Depressed single mom Adele and her son Henry offer a wounded, fearsome man a ride. As police search town for the escaped convict, the mother and son gradually learn his true story as their options become increasingly limited.
With a job traveling around the country firing people, Ryan Bingham enjoys his life living out of a suitcase, but finds that lifestyle threatened by the presence of a new hire and a potential love interest.
A fictionalized account of the first major successful sexual harassment case in the United States -- Jenson vs. Eveleth Mines, where a woman who endured a range of abuse while working as a miner filed and won the landmark 1984 lawsuit.
Thirty-seven year old Mavis Gary seems incapable of happiness. She has had one failed marriage with no romance in her immediate horizon. She ghosts writes a young adult series of books, which has just been canceled due to low sales. She is in the process of writing the last book, with which she is having a mental block. She lives vicariously through Kendall Strickland, the teenaged female heroine in her books, as like Kendall she believes her high school years were the best years of her life when she was the prom queen. When she receives news that her high school beau, Buddy Slade, and his wife, Beth Slade, have just had their first child, Mavis takes it as a sign that she and Buddy are meant to be together. As such, she devises a false pretense to travel from her Minneapolis home back her her old hometown of Mercury, Minnesota to reclaim Buddy from Beth. As Mavis slyly or not so slyly does whatever she can to hang out with Buddy, even in Beth's company if need be, she also runs into ... Written by
On October 18, 2011, George Stroumboulopoulos, along with director Jason Reitman and writer Diablo Cody, hosted the first public screening/"sneak peek" of the film at the TIFF Bell Lightbox in Toronto. The screening was followed by a brief Q&A session for attendees with Reitman and Cody. The screening was promoted as a secret with nothing about the film revealed. Comedic trailers also played on The Hour (2005). See more »
Mavis's car, earlier in the movie when struck to a post in the parking lot, has only the bonnet deformed with lights intact. Later when she is shown driving it again the lights are messed up too. See more »
Greetings again from the darkness. Writer Diablo Cody and Director Jason Reitman reunite for the first time since their breakout hit "Juno". In that fine film, we were treated to many optimistic and sarcastic life lessons from a very likable, and easy to cheer for, teenage girl. This time around we get the caustic, childlike self-centeredness of a mid-30's alcoholic sadly trying to recapture the magic of her high school years as the prom queen dating the coolest guy.
Ms. Cody and Mr. Reitman deserve much credit for steering clear of the Hollywood traditions of redemption, remorse, and turning over a new leaf. In fact, we probably dislike Mavis (Charlize Theron) even more as the movie ends than we did in the film's first 5 minutes, if that's even possible. It takes courage as a filmmaker to have a lead character who is disliked through the entire movie, not just by the people in her life, but also by the audience. It also takes a special actress to pull this off. If you saw Theron in her Oscar winning role in "Monster", believe me when I say that she is equally unsympathetic here ... though she does commit fewer actual crimes.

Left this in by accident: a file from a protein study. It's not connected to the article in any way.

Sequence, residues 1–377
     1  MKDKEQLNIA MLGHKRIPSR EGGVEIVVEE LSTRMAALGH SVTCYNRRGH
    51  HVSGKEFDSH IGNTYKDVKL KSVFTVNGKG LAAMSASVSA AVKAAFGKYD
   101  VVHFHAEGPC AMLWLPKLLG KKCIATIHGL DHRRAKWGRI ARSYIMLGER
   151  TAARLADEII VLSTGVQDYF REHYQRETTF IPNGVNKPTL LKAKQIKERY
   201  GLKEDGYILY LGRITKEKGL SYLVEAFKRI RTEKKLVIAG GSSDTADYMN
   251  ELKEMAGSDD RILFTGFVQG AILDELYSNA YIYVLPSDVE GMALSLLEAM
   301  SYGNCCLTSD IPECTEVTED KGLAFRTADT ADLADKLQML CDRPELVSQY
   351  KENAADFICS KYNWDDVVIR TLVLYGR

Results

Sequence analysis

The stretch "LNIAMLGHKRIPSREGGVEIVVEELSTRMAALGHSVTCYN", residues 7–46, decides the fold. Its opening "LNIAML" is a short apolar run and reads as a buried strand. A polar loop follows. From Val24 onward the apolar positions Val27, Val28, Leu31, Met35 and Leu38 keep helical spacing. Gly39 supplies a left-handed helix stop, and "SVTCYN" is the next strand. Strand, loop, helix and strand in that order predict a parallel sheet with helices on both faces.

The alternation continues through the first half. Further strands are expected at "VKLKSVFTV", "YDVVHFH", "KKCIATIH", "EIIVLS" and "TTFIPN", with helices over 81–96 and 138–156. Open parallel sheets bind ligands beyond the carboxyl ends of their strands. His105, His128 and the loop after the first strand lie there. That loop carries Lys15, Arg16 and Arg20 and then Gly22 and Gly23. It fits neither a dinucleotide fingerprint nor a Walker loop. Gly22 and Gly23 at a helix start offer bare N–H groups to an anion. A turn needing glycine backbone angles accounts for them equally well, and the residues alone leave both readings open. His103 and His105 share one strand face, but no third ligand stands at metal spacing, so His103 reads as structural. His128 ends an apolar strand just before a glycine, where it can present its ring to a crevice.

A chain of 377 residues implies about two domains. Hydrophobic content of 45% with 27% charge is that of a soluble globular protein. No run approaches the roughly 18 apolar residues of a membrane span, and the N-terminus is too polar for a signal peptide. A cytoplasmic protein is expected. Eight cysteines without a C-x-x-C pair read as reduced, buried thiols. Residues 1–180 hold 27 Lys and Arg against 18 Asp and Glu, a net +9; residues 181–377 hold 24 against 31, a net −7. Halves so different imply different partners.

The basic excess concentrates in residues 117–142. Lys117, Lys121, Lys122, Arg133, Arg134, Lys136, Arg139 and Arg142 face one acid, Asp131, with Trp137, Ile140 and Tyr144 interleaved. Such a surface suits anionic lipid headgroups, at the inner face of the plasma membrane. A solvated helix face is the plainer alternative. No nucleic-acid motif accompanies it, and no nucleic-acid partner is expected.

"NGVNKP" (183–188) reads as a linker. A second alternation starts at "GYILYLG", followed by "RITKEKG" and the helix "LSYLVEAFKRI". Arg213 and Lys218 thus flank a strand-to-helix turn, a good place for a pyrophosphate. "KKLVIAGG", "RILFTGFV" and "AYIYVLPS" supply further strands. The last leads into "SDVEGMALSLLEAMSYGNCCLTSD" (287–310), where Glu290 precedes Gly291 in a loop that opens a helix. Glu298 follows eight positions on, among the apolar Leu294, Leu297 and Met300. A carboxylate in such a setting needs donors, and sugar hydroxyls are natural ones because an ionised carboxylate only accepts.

This film is erroneously marketed as a smart comedy. While there are some funny elements, it's difficult to find much humor in someone who is so unstable and narcissistic. Wisely, the script provides us with Matt (Patton Oswalt) as the voice of reason. He sees through the Mavis mask and speaks directly in his attempts to divert her from her plan. That plan is to break up the marriage of her high school sweetheart (Patrick Wilson). Oh yeah, he just happens to be happily married (Elizabeth Reaser) with a newborn baby.
The best scenes of the film are between Mavis and Matt. She is oblivious to her negative effect on others, while he shoots her straight while avoiding his own harsh reality. See, Matt was the victim of a vicious hate crime, which left his leg (and other things) mangled. His own view of life is why he can see right through Mavis and her issues. While I so admire the basis of the script, I just believe there is a missing element. The element of hope and optimism. Heck, even when Mavis admits she "might be an alcoholic", her parents shrug it off and change topics. Sometimes crying out for help just isn't enough.
The film is worth seeing for the performances of Theron and Oswalt, as well as for the unique script. Just don't get tricked into believing it's some laugh riot with a fairy tale ending. Mavis is a ghost writer for teen novels, and she writes the latest as she lives this nightmare of a trip back home. My only real question ... is she mature enough to write for teens?
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